While the connection between experiencing a distressing event and subsequently developing PTSD, or Post-Traumatic Stress Disorder, might seem to be fairly clear, researchers have been unsure about exactly how and why the brain reacts certain ways to trauma. One of the most pressing questions in this area has asked why, within groups of people exposed to the same stimulus, some people develop symptoms of the psychological concern, while other do not. Suggestions been made in a wide range of schools of thought about the functioning of the brain and the human consciousness, but recently a study published in the journal Biological Psychiatry has found that a major factor in determining who gets PTSD may be entirely genetic.
The study focused on a group of survivors of the Rwandan Genocide, a mass killing that took place over the course of one hundred days in 1994. During this remarkably violent period, an estimated twenty percent of the country’s inhabitants were murdered, leaving many families torn apart, and many survivors shaken. Genetic samples of each participant were analyzed in relation to the activity of an enzyme responsible for inhibiting dopamine and norepinephrine, neurotransmitters present in the brain when stress is experienced.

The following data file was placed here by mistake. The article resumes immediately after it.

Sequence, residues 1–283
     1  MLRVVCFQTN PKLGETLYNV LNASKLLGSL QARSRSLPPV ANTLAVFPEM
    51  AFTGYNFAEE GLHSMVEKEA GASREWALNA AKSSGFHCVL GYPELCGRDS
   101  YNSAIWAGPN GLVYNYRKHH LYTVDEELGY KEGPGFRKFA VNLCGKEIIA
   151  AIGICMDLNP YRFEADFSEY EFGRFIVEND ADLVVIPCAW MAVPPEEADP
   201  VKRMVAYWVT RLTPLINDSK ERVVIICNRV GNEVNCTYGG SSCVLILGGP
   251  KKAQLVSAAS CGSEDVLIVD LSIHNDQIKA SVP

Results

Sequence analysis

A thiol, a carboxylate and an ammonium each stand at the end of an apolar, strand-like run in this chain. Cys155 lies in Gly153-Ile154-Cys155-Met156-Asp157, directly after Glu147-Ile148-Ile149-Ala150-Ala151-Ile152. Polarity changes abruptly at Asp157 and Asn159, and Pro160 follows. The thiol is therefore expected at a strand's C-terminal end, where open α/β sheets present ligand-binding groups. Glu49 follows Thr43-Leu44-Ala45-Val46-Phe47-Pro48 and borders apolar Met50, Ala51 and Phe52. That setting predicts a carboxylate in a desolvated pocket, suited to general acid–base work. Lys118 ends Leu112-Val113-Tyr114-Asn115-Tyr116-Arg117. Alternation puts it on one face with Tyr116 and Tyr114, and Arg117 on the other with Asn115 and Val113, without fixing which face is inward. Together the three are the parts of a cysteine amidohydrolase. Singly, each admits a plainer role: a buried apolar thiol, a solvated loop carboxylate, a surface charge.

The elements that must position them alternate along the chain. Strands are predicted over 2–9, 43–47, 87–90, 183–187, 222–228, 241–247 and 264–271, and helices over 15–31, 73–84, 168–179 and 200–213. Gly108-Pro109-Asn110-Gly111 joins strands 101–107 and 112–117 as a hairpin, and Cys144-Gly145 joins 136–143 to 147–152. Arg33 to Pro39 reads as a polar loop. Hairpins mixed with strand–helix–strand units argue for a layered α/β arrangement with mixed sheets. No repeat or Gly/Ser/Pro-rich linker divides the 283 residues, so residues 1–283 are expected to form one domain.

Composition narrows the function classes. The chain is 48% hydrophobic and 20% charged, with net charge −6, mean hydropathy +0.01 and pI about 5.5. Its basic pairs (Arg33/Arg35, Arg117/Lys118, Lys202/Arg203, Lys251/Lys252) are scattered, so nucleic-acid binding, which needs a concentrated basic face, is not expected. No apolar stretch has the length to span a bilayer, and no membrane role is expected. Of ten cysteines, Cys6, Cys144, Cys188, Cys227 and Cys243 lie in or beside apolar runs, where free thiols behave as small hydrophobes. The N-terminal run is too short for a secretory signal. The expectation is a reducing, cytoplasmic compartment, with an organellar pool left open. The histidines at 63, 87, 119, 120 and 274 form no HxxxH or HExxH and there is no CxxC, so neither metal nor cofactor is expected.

Those participants who, due to a genetic predisposition, exhibited normal enzyme function were found to have a lower instance of the development of PTSD than those who were indicated for decreased enzyme function, which allowed for greater neurotransmitter presence. The molecular genetics study has been hailed as a significant step towards more accurately predicting who is at a high risk of suffering psychological damage from stress and trauma, an advance that may help therapists deliver more precise and preventive care to their clients.
© Copyright 2010 by By Noah Rubinstein, LMFT, LMHC, therapist in Olympia, Washington. All Rights Reserved. Permission to publish granted to GoodTherapy.org.
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